By Father John Bayer
Special to The Texas Catholic
People today are deeply affected by the challenges of unity and diversity, especially the younger generations. These challenges are a chance for the Gospel to show its power.
For some people, our society’s affirmation of diversity must be so uncompromising that truth and unity, and therefore community, become acceptable losses. I think this happens because diversity in our culture is inseparable from identity and personal value. So, some see the refusal to make diversity into an absolute idol as a personal threat. An example of this idolization of diversity is how adamantly some insist that sexuality and gender can be redefined and multiplied without any regard for biological reality. What matters to some is that their alleged difference is affirmed at all costs, even at the cost of truth and unity.
For some other people, our society’s affirmation of unity must be so uncompromising that it becomes difficult to see how they will justify respect for human freedom or ever find patience for our pilgrim journey toward the truth. This happens because unity is inseparable from power and security, and in this way it, too, is connected to identity. An example of this idolization of unity is how intolerant some people can become when someone expresses an opinion different than their own. It seems it is not as important to ask rationally whether the opinion is correct, or how one person can persuade the other. To some, it seems more important to shut down the other voice as soon as possible and in this way to ‘unify’ all speech.
Personal identity and value, freedom, truth and security – these are deeply existential questions, and we really should wrestle with them in the light of the Gospel if we want the Church to be authentic and to serve the world. People should be able to look to the Church for help. The Gospel really does meet the needs of the world.
The Gospel proclaims the Father, the Son and the Holy Spirit, three persons in one God, the unity in diversity that is the Trinity. Unity and diversity are “co-primordial” in God. He is not some monolithic “one” that unfolds in diversity at a later moment second to his true nature; nor is he some “three” who later try to steer their independence into a unity that is, in the end, only some addition to their fundamental identities apart from each other. The Father is Father of the Son from all eternity; he is Father eternally; as God, he was never not Father. Just so, each person of the Trinity is the one God and yet as the one God is diverse from the other two.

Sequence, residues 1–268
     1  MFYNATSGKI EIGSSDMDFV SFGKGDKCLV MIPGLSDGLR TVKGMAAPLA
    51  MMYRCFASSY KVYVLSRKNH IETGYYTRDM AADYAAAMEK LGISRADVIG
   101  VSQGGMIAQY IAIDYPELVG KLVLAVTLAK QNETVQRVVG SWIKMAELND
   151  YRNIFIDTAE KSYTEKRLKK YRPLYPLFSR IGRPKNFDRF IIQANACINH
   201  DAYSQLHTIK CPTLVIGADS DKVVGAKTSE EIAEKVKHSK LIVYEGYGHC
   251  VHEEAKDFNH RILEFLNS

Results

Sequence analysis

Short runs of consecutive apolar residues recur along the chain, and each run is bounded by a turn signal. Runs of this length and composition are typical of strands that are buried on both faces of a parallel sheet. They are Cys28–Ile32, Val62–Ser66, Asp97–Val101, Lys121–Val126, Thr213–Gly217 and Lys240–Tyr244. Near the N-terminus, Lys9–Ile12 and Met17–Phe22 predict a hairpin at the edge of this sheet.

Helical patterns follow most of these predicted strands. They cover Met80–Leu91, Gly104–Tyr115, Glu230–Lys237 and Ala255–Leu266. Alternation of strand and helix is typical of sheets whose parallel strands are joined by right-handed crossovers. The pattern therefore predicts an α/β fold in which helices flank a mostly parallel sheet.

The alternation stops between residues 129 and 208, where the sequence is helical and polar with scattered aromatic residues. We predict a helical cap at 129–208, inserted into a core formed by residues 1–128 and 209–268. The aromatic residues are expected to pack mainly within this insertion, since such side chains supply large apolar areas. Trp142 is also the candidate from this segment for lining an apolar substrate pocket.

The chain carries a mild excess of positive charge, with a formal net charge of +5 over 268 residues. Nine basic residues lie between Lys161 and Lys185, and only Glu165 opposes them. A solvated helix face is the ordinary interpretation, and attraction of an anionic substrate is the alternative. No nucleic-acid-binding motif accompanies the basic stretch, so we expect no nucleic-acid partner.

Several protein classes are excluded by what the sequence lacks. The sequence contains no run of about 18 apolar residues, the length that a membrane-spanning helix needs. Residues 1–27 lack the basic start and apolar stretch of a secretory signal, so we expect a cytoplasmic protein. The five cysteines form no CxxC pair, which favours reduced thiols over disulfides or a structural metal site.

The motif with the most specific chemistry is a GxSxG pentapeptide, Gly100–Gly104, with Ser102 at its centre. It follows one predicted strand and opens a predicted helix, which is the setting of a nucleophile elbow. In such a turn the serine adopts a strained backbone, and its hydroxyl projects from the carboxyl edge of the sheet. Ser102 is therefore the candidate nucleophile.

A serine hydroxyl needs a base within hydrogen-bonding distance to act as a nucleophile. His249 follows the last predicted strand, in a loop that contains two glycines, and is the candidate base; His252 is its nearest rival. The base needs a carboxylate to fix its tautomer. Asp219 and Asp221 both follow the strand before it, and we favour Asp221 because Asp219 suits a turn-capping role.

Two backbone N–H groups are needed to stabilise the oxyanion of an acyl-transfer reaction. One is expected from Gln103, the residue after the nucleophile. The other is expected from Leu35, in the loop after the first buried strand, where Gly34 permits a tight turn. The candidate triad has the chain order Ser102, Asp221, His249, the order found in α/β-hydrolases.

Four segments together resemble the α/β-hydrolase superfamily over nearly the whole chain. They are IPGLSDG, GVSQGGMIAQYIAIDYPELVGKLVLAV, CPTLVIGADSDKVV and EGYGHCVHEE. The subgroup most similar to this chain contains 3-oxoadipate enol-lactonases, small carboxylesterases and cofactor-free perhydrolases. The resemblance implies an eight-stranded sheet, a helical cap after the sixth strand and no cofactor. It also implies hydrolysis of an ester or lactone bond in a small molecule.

Looking at the Trinity, we see unity and diversity are not things to be “balanced” quantitatively, as if they competed in a zero-sum game. They are ineffably reconciled in God. That is good news; that is Gospel. This means our effort to be truly one should not compromise the diversity of our personal existence; nor should genuinely life-giving diversity threaten our unity under God. I am unaware of any other religion or philosophy which so boldly declares that unity and diversity are not only harmonious but are in fact the very character of God, the origin and end of all things, and thus the goal of all our striving. We aspire to more than a contractual unity with our neighbor; we aspire to a familial unity, and even more to a unity of “heart and soul” (Acts 4:32). Some secular exponents of the ‘human family’ appear to want implicitly to believe this Gospel. But the dream of being both one and many stems from a theological hope, something the secular world cannot justify by itself. For by what reason do we try to unify a world of such different peoples? Who tells us that it is even possible for us to be one, and that we ought to spend our efforts for such a family? Why don’t we give up hope and retreat into the loneliness of anxious self-protection? For Christians, of course, there is a “reason for the hope” that is in us (cf. 1 Peter 3:15). We have the Son of the Father and their common Spirit acting among us, and so we have every reason to believe that we can pursue unity and diversity together for our salvation and for the encouragement of the world. We have every reason to believe that our true identities and diversity do not emerge from our isolated wills but rather from the divine Word underlying all things and driving them to unity in God; and we have reason to believe that our true unity under God does not cancel all difference, for it exists precisely as a union of what is distinct and not as an absorption that annihilates.
Let us believe in the Gospel. Our refusal to idolize secular ideas of diversity and unity can give hope to our world. Let us pursue true unity and diversity under God – Father, Son and Holy Spirit – the source of all life and love.
Father John Bayer, O.Cist., is a theologian and monk at the Cistercian Abbey of Our Lady of Dallas.